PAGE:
Pan Tadeusz

Pan Tadeusz, the full title in English: Mister Thaddeus, or the Last Foray in Lithuania: a History of the Nobility in the Years 1811 and 1812 in Twelve Books of Verse (Pan Tadeusz, czyli ostatni zajazd na Litwie. Historia szlachecka z roku 1811 i 1812 we dwunastu księgach wierszem pisana) is an epic poem by the Polish poet, writer and philosopher Adam Mickiewicz. The book was first published in June 1834 in Paris, and is considered by many to be the last great epic poem in European literature.

Pan Tadeusz is recognized as the national epic of Poland. It is compulsory reading in Polish schools. A film based on the poem was made in 1999 by Andrzej Wajda.


The story takes place over the course of five days in 1811 and one day in 1812 at a point in Polish history, when Poland-Lithuania had already been divided between Russia, Prussia, and Austria (see Partitions of Poland) and disappeared from the political map of Europe, although Napoleon had established the Duchy of Warsaw in the Prussian partition in 1807.

The place is situated within the Russian partition, in the Lithuanian village of Soplicowo. Pan Tadeusz recounts the story of two feuding noble families, and the love between Tadeusz Soplica (the title character) of one family, and Zosia of the other. Another subplot involves a spontaneous revolt of the local inhabitants against the occupying Russian garrison. Since Mickiewicz published his poem as an exile in Paris, he was free of the Russian censors.


Numerous quotations from Pan Tadeusz are well known, above all its opening lines:

Litwo! Ojczyzno moja! ty jesteś jak zdrowie; Ile cię trzeba cenić, ten tylko się dowie, Kto cię stracił.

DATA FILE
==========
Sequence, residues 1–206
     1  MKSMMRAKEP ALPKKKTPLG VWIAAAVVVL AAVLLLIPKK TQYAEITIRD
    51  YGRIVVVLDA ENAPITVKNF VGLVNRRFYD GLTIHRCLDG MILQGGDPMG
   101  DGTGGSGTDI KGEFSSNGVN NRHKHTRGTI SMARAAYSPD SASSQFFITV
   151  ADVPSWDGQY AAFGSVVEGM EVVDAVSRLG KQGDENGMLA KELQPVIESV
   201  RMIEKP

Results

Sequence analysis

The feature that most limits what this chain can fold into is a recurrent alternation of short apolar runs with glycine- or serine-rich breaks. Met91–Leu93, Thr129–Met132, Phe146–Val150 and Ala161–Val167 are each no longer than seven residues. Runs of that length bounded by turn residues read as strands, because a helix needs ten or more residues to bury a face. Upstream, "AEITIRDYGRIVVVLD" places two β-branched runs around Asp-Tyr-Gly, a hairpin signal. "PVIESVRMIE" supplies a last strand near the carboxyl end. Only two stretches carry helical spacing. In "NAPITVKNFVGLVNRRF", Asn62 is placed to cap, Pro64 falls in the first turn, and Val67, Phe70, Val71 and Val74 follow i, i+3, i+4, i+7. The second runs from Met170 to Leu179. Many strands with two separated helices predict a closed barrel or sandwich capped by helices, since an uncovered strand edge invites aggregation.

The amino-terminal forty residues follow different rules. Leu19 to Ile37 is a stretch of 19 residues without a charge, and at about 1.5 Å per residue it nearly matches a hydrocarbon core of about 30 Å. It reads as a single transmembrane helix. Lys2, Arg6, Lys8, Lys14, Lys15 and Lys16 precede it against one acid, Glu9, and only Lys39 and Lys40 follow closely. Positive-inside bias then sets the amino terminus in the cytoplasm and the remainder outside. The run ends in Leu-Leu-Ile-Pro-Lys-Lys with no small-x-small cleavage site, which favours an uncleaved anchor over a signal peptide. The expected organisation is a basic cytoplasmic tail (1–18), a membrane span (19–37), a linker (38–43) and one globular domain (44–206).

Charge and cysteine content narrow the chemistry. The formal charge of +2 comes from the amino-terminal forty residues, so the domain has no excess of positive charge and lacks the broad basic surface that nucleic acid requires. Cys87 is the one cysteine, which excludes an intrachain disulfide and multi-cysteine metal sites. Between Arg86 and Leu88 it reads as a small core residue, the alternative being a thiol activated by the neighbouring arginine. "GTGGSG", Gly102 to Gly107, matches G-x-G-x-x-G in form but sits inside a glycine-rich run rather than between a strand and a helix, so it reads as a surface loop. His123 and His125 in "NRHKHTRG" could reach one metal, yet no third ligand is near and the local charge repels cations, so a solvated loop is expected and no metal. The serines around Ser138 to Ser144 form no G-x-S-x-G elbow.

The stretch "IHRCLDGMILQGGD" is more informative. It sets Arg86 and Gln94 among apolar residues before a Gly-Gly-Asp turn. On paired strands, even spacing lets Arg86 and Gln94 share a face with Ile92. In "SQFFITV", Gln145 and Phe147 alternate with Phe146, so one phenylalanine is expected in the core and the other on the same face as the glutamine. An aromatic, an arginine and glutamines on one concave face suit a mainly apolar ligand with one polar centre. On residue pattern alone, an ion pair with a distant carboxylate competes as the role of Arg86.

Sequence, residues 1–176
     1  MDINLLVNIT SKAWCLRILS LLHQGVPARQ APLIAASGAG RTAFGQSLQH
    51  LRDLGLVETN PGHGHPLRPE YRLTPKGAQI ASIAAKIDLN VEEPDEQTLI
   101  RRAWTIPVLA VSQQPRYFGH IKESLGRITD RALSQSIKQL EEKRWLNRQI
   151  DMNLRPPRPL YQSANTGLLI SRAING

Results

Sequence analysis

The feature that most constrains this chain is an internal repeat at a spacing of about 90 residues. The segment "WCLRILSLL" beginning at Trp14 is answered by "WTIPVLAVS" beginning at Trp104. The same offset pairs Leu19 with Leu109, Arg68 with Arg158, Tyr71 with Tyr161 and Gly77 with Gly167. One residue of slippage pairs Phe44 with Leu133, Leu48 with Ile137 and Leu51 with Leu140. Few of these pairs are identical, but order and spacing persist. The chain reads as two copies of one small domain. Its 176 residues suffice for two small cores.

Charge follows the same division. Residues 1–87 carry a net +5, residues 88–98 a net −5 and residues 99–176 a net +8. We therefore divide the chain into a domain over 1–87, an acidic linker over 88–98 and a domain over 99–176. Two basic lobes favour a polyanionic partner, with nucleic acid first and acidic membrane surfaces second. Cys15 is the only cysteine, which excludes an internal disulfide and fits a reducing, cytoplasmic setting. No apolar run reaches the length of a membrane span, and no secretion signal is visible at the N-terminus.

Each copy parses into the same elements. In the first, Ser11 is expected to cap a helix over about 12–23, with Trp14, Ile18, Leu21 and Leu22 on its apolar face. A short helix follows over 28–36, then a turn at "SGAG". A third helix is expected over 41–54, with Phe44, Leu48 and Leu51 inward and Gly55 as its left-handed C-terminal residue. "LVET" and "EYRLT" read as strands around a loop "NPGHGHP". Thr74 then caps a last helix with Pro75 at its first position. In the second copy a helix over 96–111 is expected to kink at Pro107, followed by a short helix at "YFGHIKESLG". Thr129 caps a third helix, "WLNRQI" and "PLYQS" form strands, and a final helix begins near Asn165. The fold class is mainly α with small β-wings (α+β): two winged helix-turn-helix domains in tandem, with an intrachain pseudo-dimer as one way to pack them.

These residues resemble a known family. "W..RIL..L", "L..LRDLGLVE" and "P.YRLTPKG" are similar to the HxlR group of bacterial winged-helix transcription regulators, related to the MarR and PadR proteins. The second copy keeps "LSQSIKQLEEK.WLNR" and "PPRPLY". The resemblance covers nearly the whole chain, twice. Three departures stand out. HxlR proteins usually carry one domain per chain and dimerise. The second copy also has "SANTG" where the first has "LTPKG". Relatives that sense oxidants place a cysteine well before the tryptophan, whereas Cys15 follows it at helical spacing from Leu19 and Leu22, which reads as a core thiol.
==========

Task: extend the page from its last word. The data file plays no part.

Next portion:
O Lithuania, my country, thou
Art like good health; I never knew till now
How precious, till I lost thee.

(translation by Kenneth R. Mackenzie)

Lithuania, my country! You are as good health:
How much one should prize you, he only can tell
Who has lost you.

(translation by Marcel Weyland)

The fact, that the Polish national poem begins with words "O Lithuania", is an interesting paradox. The controversy largely stems from the fact that the 19th century concept of nationality had not yet been geopoliticized in his time. The term "Lithuania" used by Mickiewicz refers rather to a geographical region and not country. It had a much broader geographic extent than it does now (i.e. the modern Lithuania), and it did refer to the historical Lithuania proper.

Mickiewicz had been brought up in the culture of the Polish-Lithuanian Commonwealth, a multicultural state that had encompassed most of what today are the separate countries of Poland, Lithuania, Belarus and Ukraine. He is often regarded by Lithuanians to be of Lithuanian origin, while Belarusians proclaim Mickiewicz to be one of them, since he was born on the territory of contemporary Belarus.

Film adaptations

The first film version of the poem was produced in 1928.

The film version made by Andrzej Wajda in 1999 was a great success in Poland.

Other translations

Maude Ashurst Biggs published "Master Thaddeus" in 1885 in London, Watson Kirkconnell "Sir Thaddeus" in 1962. George Rapall Noyes published the poem in 1917 in prose. At least Book Four was published in 2000 by Christopher Adam Zakrzewski. A full version translation by Marcel Weyland, in the original metre, was published in Sydney in 2004, London and New York in 2005. The most recent translation of "Pan Tadeusz" into English, in the rhyme and rhythm of the original, is by Marcel Weyland of Sydney, Australia (ISBN 1567002196 US, and 1873106777 UK).


  • One of the main subplots (two families feuding over a piece of property, which is resolved by the marriage of the two young heirs) bears an uncanny resemblance to the plot of the popular Polish play Zemsta, which also débuted in 1834.

See also

External links

Search another word or see Pan_Tadeuszon Dictionary | Thesaurus |Spanish
Copyright © 2015, LLC. All rights reserved.
  • Please Login or Sign Up to use the Recent Searches feature